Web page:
Girls and Women in Sports Month: Instilling Confidence in Young Girls in Sports
By Melissa Wickes
February 7, 2022
As girls enter adolescence, they often become self-conscious and, because of that, stop playing sports. While it’s a tough sell to a tween or early teenager, sports are a way for girls to gain, build, and maintain their confidence, both on the field and off. It’s crucial we encourage them to continue to play.
In honor of Girls and Women in Sports month, we sat down with Benita Fitzgerald-Mosley—Vice President of Community and Impact at LeagueApps, President of FundPlay, and Olympic Gold Medalist—to discuss the lessons she has learned throughout the years from being a Black woman in sports, in life, and in career. She discusses how these lessons can be applied when lifting up young girls in sports.
Benita discusses the importance of continuing to play, even at an age where girls might not feel entirely motivated. She also discusses how being involved in sports has opened up so many doors for her, which has been especially important for her as a Black woman who may not have been given the opportunities otherwise.
Read on for some important lessons that young girls can learn from playing sports and how to lift them up in their sports careers.
Keep on Playing
Benita describes the “keep on playing” advice as “the single best thing parents can do to prepare girls for even greater challenges they’re going to face into high school and beyond.”
It can be difficult for young girls to feel motivated to keep at it in sports, especially if they’ve experienced a form of rejection such as being cut from a team. Girls drop out of sports at twice the rate of boys in middle school, and when they do so, they miss out on lessons that can instill confidence in all walks of life.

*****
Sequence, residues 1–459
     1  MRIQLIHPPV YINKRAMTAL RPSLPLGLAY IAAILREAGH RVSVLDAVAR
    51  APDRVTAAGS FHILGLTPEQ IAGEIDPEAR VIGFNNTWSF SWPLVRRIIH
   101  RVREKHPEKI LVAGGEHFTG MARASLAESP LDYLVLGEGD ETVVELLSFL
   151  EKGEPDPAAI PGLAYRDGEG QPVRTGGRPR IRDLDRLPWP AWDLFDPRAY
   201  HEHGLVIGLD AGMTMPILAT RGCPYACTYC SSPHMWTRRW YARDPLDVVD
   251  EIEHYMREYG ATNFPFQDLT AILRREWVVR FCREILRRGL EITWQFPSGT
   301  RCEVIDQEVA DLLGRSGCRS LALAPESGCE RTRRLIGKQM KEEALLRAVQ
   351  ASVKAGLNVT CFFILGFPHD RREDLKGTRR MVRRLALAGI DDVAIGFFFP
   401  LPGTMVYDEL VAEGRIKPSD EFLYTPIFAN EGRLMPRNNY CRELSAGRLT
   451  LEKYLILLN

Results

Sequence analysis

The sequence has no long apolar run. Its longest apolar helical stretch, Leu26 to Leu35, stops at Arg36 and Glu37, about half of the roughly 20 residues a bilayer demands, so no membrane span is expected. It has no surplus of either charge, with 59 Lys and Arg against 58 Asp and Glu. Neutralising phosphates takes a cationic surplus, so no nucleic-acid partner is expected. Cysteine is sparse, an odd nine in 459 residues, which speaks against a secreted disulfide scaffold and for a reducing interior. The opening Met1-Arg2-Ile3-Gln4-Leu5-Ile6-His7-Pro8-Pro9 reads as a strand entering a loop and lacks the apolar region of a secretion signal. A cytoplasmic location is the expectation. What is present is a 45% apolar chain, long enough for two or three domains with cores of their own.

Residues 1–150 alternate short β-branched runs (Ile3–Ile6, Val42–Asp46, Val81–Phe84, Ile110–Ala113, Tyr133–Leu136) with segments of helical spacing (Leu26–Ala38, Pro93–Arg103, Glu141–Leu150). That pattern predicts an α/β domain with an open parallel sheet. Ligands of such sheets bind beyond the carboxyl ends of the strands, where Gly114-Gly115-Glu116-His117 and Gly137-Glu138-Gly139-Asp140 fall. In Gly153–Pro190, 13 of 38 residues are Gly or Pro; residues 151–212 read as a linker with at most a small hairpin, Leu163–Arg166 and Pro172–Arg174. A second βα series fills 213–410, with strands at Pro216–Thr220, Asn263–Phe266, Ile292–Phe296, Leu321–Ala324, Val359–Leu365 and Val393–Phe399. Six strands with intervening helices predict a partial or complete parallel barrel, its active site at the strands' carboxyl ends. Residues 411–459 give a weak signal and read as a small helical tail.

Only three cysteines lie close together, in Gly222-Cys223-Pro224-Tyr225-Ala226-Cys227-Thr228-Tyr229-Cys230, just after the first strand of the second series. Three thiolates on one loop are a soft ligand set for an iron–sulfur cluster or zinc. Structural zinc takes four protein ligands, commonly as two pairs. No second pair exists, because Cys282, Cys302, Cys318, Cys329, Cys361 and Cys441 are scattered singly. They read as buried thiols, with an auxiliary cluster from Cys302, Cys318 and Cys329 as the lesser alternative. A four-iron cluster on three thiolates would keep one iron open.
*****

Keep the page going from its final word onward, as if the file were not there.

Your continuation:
There are many ways for girls to get and stay involved in sports at this age, whether they make the school team or not—such as a recreational league, the Boys and Girls Club, and CYO teams. Keeping at it not only teaches girls the importance of hard work and perseverance, it allows them to experience all of the physical, mental health, social, and emotional benefits sports can have.
“I learned lessons both in sports that I wasn’t very good at—such as softball and gymnastics—and sports that I was really good at. I learned how to be part of a team, how to dig deep, and how to pull out of me what’s needed in order to perform at my best,” says Benita. “I understood the value of personal best so as not to compare myself to anyone else. It’s just knowing I put forth the best effort I can to put myself in the best position to succeed.”
Girls in Sports and Their Careers
According to The Girls’ Index, “…girls who are involved in sports are 14 percent more likely to believe they are smart enough for their dream career and 13 percent more likely to be considering a career in math and/or science.”
When Benita looks back at her career, most of what she’s been able to accomplish has in some way been traced back to her athletic career. That doesn’t mean her career hasn’t come with its own challenges, however. There have been multiple instances where Benita has come down to the final stages of an interview process for a role, only to have a white man chosen over her. These situations have never diminished her confidence or wherewithal to keep at it, though.
“People like me have to keep at it. We can’t get discouraged, we can’t get disappointed, we can’t stop putting ourselves out there,” says Benita. “We have to keep putting ourselves out there as women, particularly Women of Color. The breakthrough is going to happen.”
Why Not Me?
Imposter syndrome is a real problem, especially for girls. In fact, Black and Latina women are even more likely to doubt their abilities. Young girls often find themselves second-guessing their successes or ability to accomplish something great, both in sports and in careers. When Benita encourages her daughter to push past a plateau in her sports career, she reminds her to ask herself “why not me?”
Why can’t I be the one to run 38 seconds? Why can’t I be the state champion? Why shouldn’t it be me with more schools recruitingme? Why can’t I apply for this position I saw on LinkedIn?
Why not me?
“I deserve to be here, I work as hard as they do, I’m as fast as they are. These things are not out of my reach,” Benita suggests as an affirmation for her daughter. And for every girl and woman in your life.